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Adlai Stevenson (5 Feb. 1900 -14 July 1965) A Voice of Reason in Troubled Times Adlai Stevenson (5 Feb. 1900 -14 July 1965) A Voice of Reason in Troubled Times
by Rene Wadlow
2019-02-05 12:07:32
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Let us suppose that certain individuals resolve that they will consistently oppose
to power the force of example;to authority, exhortation, to insult, friendly reasoning, totrickery, simple honor.
They would be preparing the future. Who can fail to see the positively dazzling realism of such behavior.
Albert Camus

It is hard today, when listening to the troubling sounds coming from Washington, D.C? - the sounds of doors closing on important treaties and whole institutions such as the U.N. Human Rights Council - to recall that there  were other periods of troubling sounds as the Cold War  structures were being put into place, and a nuclear war was not an impossibility.

adila001_400In the early 1950s as the war in Korea highlighted what might be a broader war in Asia, one that might spread to Europe, there were  few U.S. voices urging calm and the possibilities of negotiations in good faith with the Soviet Union.  Stalin was alive, if not well, in Moscow, and he still controlled with an iron hand.  Mao had come to power in China.  His aims were not clear.  However, for the "Old China Hands" setting policy toward China in the U.S. whatever Mao might do, it would be had for the U.S.A.

In the U.S.A., anti-Communism had become an article of faith, and the idea that the U.S.A; had "lost China" because of bad advice of pro-Communists in the Sate Department or in academic institutes working on Asia was wide spread.  Although he was far from being an isolated voice, Senator Joseph McCarthy became for some years, the symbol of finding pro-Communists in U.S. institutions.  McCarthy had begun his U.S. Senate post by suggesting that U.S. soldiers had also committed war crimes during the Second World War and thus should have been tried.  This was not a particularly popular theme, and he dropped it in favor of "Communists in the State Department" which made newspaper headlines and drew wide interest.  Thus began what has been called the "McCarthyism  period" of charges of Communist infiltration of key U.S. institutions.  It was only when McCarthy attacked the U.S. Army for promoting Communists that the Establishment fought back and broke McCarthy's influence.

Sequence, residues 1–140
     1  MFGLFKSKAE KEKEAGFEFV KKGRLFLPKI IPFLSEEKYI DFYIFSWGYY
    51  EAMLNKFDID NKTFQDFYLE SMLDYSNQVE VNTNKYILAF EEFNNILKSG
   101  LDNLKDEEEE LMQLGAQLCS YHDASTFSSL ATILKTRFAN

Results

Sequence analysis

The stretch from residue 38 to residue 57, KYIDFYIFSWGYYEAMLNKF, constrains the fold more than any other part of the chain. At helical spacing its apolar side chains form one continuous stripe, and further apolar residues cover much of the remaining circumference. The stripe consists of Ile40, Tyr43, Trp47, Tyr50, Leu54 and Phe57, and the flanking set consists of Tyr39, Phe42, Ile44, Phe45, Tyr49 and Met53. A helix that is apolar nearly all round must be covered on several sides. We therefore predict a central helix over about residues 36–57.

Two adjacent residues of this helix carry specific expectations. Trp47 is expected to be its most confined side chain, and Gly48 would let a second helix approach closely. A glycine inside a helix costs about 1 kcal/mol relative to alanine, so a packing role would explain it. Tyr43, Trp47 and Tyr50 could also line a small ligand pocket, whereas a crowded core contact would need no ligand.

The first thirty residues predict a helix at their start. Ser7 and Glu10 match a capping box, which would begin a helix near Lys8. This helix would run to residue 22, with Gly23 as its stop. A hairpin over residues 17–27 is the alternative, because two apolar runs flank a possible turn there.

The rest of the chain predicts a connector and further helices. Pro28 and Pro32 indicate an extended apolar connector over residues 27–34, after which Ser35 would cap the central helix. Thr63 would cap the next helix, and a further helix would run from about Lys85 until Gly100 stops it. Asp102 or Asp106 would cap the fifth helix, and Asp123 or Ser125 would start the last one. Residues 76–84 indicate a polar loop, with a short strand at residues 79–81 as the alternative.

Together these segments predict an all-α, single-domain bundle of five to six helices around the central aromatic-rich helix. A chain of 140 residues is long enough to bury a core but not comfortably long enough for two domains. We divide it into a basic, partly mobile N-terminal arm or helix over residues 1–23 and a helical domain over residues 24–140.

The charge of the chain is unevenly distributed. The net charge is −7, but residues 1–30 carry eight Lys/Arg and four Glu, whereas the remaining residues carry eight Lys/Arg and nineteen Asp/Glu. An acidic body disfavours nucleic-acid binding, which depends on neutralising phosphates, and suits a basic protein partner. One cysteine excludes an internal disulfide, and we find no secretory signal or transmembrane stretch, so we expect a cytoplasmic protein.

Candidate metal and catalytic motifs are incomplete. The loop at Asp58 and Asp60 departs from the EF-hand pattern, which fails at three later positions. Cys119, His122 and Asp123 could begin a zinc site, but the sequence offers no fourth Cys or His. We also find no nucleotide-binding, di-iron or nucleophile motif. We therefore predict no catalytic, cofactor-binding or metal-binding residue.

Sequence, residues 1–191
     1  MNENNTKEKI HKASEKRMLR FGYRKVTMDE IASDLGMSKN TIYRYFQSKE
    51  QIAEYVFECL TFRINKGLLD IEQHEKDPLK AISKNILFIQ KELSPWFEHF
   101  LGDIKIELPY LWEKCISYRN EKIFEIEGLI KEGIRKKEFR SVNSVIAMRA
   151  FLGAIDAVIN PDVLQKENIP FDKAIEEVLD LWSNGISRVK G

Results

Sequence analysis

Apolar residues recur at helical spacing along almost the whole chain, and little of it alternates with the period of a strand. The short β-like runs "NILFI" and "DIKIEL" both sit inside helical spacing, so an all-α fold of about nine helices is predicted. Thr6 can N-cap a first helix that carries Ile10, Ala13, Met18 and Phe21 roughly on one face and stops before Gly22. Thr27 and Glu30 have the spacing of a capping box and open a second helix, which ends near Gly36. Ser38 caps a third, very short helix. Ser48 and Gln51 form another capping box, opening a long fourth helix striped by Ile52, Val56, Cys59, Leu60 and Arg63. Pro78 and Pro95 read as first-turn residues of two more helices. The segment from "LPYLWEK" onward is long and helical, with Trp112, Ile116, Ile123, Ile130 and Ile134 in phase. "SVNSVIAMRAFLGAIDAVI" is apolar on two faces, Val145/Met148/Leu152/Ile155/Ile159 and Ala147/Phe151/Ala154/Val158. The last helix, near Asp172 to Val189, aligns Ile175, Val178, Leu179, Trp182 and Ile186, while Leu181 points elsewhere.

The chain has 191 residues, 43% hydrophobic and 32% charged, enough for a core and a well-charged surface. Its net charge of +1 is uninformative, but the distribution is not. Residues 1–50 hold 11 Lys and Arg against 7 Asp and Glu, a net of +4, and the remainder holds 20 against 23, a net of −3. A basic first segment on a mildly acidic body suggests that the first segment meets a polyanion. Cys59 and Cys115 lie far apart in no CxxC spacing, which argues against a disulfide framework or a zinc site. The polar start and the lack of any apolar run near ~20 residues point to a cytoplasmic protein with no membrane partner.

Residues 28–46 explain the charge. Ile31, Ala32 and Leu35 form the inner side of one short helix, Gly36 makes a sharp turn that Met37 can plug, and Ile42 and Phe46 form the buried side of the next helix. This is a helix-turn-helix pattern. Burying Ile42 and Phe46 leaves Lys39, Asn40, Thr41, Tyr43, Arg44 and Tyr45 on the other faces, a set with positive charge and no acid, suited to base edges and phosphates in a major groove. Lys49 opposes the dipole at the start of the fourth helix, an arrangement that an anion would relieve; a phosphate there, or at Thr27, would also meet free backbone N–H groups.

Yet at the height of McCarthy's power, there was a clear voice of reason: that of Adlai Stevenson.  Stevenson came from a long-established Illinois family and had been elected governor in 1948 (1).  Yet he was no ordinary politician.  He neither looked nor sounded the part.  He had convictions without dogmas, and eloquence without demagoguery.

Stevenson today is considered a minor figure of what is usually called the "Eisenhower Years".  Stevenson opposed Eisenhower in the two presidential elections of 1952 and 1956.  Eisenhower was seen as a war hero and the person who put NATO, considered a defensive alliance, into place.  As a leader of a coalition that had triumphed in war, he emerged from the war with a strong belief in a coalition to preserve peace.

Eisenhower, once President, had a long-range vision of an economically strong U.S. allied to a Western Europe which had recovered from the destruction of the war.  The world beyond Western Europe for Eisenhower only consisted of the Soviet Union.  Eisenhower was little interested in day-to-day domestic affairs.  He chose fairly strong people as cabinet members, nearly all successful in business or law.

Thus, it was left to Stevenson, head of the "Loyal Opposition" to try to deal with the fears of the population dealing with a workl in ferment. Stevenson stressed his belief in "the collective reason of properly informed people.  After his first defeat for president, he traveled extensively, especially to Asia which he had not visited before, in order to develop an informed opinion on foreign policy.  He set out his views in a series of lectures at Harvard University  speaking as a defender of the free mind, challenging  but free of passions. (2) His was a fight to keep free minds with issues clear and ideals sharp: virtues needed today!


(1) For his family background and efforts in the negotiations which led to the creation of the U.N. see (link to 2016,05,02)
(2) Adlai Stevenson. Call to Greatness (New York: Harper and Brothers, 1954)

You can also read Rene Wadlow's: Adlai Stevenson: Reducing Strife Without Eliminating Variety HERE!


Rene Wadlow, President, Association of World Citizens

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